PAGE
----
For now, it is enough to note that Paul uses the notion of freedom as a kind of shorthand for the conviction that Gentile Jesus-followers need not “enslave” themselves to Torah observance. When Gentile Jesus-followers were told that they should be circumcised, Paul understood this to be a way of undermining “the freedom we have in Christ Jesus” and to be a way of “mak[ing] us slaves” (Gal 2:4). So too, Paul’s claim that “it is for freedom that Christ has set us free” is followed by the exhortation to “stand firm” against those who inspire Gentile Jesus-followers to be circumcised, lest the Galatians “be burdened . . . by a yoke of slavery” (5:1). For Paul, then, the “freedom” of Christians could be used as a shorthand slogan for “salvation has nothing to do with observing the rules of the Torah” — or with anything other than Jesus Christ, for that matter.
But Paul’s discourse of freedom was vulnerable to misinterpretation. This became all too clear to Paul himself when dealing with Christians in Corinth. If Jesus-followers are not required to observe the Torah, could it be that they really have no moral constraints on their behavior? Based on Paul’s gospel of “freedom,” some Corinthian Christians began to imagine that they had “the right to do anything” (1 Cor 6:12; 10:23). Paul had gained a reputation among some people for promoting a moral “libertinism,” in which one could live without any kind of moral restraint, and all to the glory of God (see, e.g., Rom 3:8; 6:1, 15). After all, if grace is freely given “apart from law” (Rom 3:21), perhaps those who have faith in Jesus can live in any way they want, without worrying about being condemned as sinners. This might even be thought to enhance God’s reputation as a gracious God, who does not hold sin against those who have put their faith in Jesus.
Paul cannot countenance such thinking (cf. his harsh words in Rom 3:8). Instead, he makes it clear that freedom among Christians requires careful handling, lest it become a means for their own moral servitude.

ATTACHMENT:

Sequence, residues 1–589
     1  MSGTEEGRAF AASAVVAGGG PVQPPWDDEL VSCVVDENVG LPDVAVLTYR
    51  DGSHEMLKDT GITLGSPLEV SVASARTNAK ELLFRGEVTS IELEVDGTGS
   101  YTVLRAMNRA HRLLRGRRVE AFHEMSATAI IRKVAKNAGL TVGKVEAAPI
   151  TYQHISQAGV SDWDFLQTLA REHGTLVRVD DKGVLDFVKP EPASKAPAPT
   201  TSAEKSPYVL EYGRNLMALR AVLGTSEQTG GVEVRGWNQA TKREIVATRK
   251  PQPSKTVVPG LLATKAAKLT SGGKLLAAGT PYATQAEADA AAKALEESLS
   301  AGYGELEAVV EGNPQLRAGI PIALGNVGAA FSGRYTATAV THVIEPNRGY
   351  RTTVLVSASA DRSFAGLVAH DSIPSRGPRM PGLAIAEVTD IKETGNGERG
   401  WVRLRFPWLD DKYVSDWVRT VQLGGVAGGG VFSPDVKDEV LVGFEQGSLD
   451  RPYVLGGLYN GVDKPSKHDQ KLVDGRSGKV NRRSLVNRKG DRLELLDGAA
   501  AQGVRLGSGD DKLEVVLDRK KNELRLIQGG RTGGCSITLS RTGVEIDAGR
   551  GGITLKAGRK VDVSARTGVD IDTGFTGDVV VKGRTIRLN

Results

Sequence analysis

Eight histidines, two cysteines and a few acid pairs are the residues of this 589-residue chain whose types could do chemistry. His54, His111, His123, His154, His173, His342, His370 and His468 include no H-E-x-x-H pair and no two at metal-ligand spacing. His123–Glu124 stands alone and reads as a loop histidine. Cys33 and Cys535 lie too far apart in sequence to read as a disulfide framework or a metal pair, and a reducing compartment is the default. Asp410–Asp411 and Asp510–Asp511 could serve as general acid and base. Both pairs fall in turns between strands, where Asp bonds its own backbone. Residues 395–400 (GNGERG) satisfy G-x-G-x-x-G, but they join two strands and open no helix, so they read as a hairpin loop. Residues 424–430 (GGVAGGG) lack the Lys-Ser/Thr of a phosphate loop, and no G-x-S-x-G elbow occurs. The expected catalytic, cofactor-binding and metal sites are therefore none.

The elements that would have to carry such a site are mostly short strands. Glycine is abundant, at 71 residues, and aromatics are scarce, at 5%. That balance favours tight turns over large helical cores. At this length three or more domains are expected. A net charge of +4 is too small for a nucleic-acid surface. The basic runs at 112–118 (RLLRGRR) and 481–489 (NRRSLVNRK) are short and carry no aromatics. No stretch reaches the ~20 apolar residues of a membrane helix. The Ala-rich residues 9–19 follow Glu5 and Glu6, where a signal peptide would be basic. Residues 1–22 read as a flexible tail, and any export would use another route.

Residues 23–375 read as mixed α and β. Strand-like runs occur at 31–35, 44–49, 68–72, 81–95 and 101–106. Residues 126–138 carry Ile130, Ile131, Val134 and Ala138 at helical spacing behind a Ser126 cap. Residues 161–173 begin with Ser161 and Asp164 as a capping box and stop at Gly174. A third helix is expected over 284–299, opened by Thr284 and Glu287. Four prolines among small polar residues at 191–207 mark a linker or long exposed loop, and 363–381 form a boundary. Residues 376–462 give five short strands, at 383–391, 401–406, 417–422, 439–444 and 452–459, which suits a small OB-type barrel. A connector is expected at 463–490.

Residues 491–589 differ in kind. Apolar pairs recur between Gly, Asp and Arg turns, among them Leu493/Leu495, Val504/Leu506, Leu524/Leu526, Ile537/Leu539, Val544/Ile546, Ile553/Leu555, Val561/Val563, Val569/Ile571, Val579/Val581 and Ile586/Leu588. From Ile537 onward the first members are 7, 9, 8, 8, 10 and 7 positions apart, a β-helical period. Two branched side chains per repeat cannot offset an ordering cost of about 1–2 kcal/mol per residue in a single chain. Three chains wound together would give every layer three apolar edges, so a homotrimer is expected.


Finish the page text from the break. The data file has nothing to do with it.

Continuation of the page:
This is evident in Gal 5:13 (which will serve as a key verse at two further points further down in this discussion). Whereas the first sentence of Gal 5:13 calls Christians “to be free,” in the second sentence Paul gives this critical stipulation: “But do not use your freedom to indulge the flesh.” Paul often uses the word “flesh” to refer to something like “the reinforced proclivity towards sinful living” rather than “the sinful nature,” as it is sometimes mistranslated). Here Paul warns against the misuse of the freedom that Jesus- followers enjoy in Jesus Christ.
Paul’s discourse of “freedom from” cannot be fully accounted for without immersing it in the soil of the apocalyptic narrative highlighted in chapter 11 above. In particular, we do well to remind ourselves of the theological contours of Paul’s discourse in Romans 5 through 8. There, Paul depicts the cosmos as being held in the grip of suprahuman powers, with human sinfulness and death resulting as a consequence. Paul imagines the cosmos and everything within it suffering from the same fundamental problem — the forces of chaos seem to reign supreme, that is, the powers of Sin and Death. For Paul, what God has done in the death and resurrection of Jesus introduces a new situation, one that guarantees freedom from those forces of chaos.
In his discourse on baptism in Romans, Paul makes the point forcefully. Followers of Jesus have been baptized into Christ Jesus and have been united with him in death. As a consequence, the power of Sin is prevented from getting a foothold in their lives. Moreover, although the forces of chaos can get no traction in the lives of those who are already dead, God can reach into places where there is nothing and bring life out of them. He did precisely this in the moment of creation, and he did the same when he raised Jesus from the dead. So too those who have “died with Christ” cannot be used as instruments of the powers of chaos, but come alive as instruments of God’s grace and righteousness...
Thinking Through Paul: A Survey of His Life, Letters, & Theology
By Bruce Longenecker & Todd Still